from the that-disney? dept
"We conclude that a patentee's use of a royalty agreement that projects beyond the expiration date of the patent is unlawful per se."But, because there can always be questionable rulings, there was another court ruling that (bizarrely) found that you can get a license for something that was never patented if you work out an agreement to that nature (that's Aronson v. Quick Point Pencil). This has made things messy.
In this case, some Spiderman fans patented a an invention of a toy that could shoot webs out of the toy's wrists, a la Spiderman. Marvel bought the patent from the inventors, promising a royalty if the company made such a toy, which it did. The patent expired in 2010 and Disney/Marvel stopped paying. The inventors sued... and have so far lost twice in the lower and appeals courts. The issue is now before the Supreme Court, with the direct question of whether or not the ruling in Brulotte should be overturned. Hopefully, it will not be. Once something is in the public domain it should stay there. And that is exactly what Disney/Marvel is arguing -- in ways that seem somewhat antithetical to the company's stance on copyright. Take this for example:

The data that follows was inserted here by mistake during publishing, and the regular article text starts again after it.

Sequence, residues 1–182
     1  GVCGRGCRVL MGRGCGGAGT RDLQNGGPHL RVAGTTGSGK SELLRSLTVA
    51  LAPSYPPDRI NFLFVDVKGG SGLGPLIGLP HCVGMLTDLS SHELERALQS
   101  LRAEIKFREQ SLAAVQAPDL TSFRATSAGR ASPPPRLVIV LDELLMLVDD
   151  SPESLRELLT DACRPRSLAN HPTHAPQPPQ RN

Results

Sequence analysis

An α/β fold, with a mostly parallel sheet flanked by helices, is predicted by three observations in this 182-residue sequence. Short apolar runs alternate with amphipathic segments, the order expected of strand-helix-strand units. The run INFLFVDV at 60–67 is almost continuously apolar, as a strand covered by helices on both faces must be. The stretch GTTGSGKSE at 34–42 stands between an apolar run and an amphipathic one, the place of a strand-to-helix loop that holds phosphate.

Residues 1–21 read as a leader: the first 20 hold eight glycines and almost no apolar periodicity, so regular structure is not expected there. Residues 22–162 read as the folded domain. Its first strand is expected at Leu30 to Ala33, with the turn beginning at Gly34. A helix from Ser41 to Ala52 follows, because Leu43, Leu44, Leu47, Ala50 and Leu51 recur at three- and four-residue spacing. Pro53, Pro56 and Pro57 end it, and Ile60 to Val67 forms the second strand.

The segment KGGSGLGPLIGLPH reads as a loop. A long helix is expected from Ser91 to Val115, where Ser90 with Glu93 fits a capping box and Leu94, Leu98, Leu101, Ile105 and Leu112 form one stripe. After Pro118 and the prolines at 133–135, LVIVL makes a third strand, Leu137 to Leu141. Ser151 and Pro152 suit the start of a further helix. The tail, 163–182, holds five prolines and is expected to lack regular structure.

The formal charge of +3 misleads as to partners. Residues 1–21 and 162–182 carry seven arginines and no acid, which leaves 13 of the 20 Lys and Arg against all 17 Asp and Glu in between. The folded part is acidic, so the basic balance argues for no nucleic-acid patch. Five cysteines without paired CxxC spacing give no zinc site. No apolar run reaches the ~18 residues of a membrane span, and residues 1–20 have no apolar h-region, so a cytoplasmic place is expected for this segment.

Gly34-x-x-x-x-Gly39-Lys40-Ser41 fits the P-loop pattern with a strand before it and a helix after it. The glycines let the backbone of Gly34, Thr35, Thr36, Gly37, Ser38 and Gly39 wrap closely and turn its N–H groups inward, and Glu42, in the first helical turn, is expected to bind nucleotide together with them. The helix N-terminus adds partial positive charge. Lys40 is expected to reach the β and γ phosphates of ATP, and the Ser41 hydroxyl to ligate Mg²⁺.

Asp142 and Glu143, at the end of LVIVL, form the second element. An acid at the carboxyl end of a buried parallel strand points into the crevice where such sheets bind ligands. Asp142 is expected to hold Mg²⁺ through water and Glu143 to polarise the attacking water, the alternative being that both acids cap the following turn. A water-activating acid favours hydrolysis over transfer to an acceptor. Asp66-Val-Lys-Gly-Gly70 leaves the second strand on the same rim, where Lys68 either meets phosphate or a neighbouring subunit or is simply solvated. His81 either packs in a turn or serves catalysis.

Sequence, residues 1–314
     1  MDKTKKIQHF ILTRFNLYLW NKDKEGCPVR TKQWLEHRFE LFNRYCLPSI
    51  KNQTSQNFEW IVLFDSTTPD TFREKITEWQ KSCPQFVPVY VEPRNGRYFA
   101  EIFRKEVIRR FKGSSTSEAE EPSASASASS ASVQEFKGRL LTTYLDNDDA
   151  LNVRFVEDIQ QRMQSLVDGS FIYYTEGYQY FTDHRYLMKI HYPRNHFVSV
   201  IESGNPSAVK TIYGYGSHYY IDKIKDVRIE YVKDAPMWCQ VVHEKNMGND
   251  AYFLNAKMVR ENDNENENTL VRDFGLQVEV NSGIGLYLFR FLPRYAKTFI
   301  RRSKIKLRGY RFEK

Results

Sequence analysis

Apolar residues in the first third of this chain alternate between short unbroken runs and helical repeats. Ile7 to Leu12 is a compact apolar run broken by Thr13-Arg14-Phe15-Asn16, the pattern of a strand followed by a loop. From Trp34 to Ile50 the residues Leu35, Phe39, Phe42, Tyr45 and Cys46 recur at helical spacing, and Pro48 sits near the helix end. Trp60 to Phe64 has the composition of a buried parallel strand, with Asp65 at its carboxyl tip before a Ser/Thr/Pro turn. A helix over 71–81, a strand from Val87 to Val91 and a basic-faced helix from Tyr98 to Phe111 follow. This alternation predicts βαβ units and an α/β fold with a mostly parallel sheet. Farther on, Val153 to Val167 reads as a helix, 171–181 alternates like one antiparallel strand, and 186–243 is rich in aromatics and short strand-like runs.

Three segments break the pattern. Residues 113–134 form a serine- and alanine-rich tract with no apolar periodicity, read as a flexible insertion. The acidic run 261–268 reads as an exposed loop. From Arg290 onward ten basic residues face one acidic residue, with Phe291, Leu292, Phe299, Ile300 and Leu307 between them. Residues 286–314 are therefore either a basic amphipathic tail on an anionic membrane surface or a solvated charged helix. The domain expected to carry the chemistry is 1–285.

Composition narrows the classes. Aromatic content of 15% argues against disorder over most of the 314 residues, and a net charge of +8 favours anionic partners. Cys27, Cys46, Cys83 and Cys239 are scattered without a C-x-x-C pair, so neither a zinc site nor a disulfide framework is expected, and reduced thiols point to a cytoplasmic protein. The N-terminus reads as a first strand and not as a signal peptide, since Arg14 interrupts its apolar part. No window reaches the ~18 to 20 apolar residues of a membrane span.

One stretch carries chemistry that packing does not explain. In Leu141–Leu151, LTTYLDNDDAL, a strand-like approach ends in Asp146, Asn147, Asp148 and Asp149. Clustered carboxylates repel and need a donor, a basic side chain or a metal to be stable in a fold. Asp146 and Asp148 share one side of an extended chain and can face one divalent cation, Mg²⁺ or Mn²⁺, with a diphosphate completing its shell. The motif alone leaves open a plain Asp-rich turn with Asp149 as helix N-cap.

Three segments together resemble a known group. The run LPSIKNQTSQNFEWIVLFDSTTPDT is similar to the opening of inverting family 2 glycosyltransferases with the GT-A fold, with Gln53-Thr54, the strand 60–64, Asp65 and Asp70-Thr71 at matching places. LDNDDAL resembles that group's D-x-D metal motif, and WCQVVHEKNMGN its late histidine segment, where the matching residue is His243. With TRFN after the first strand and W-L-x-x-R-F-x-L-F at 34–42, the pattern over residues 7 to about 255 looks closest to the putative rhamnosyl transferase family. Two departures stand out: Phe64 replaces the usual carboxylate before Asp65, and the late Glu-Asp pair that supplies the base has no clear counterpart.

An essential part of the bargain at the heart of the patent system is that, when the patent term ends, all rights associated with the patent terminate and the patented idea is committed to the public domain for the free and unrestricted use of all. The same policy concerns animate other well-settled patent precedents, including the rule that a licensee may not be required to continue to pay royalties after a patent is invalidated. Private parties are properly forbidden from attempting to evade those congressional judgments.Just switch out copyright for patents and you see how this looks quite out of place for Disney to be arguing, since it has fought incredibly hard to make sure that the "end" of the copyright term is an amorphous, ever changing concept that is always in the future. And then there's this incredible statement, warning of how horrible it would be if royalties might accumulate forever:
If anything, modern developments underscore the need to protect the public domain from the aggregate toll of patent royalties that would accumulate foreverYou don't say, Disney. How very, very interesting...
Hopefully the Supreme Court makes quick work of this and sides with Disney in protecting the public domain on patents. But it will be interesting to see these statements come back up a couple of years from now as Mickey Mouse nears the public domain again, won't it?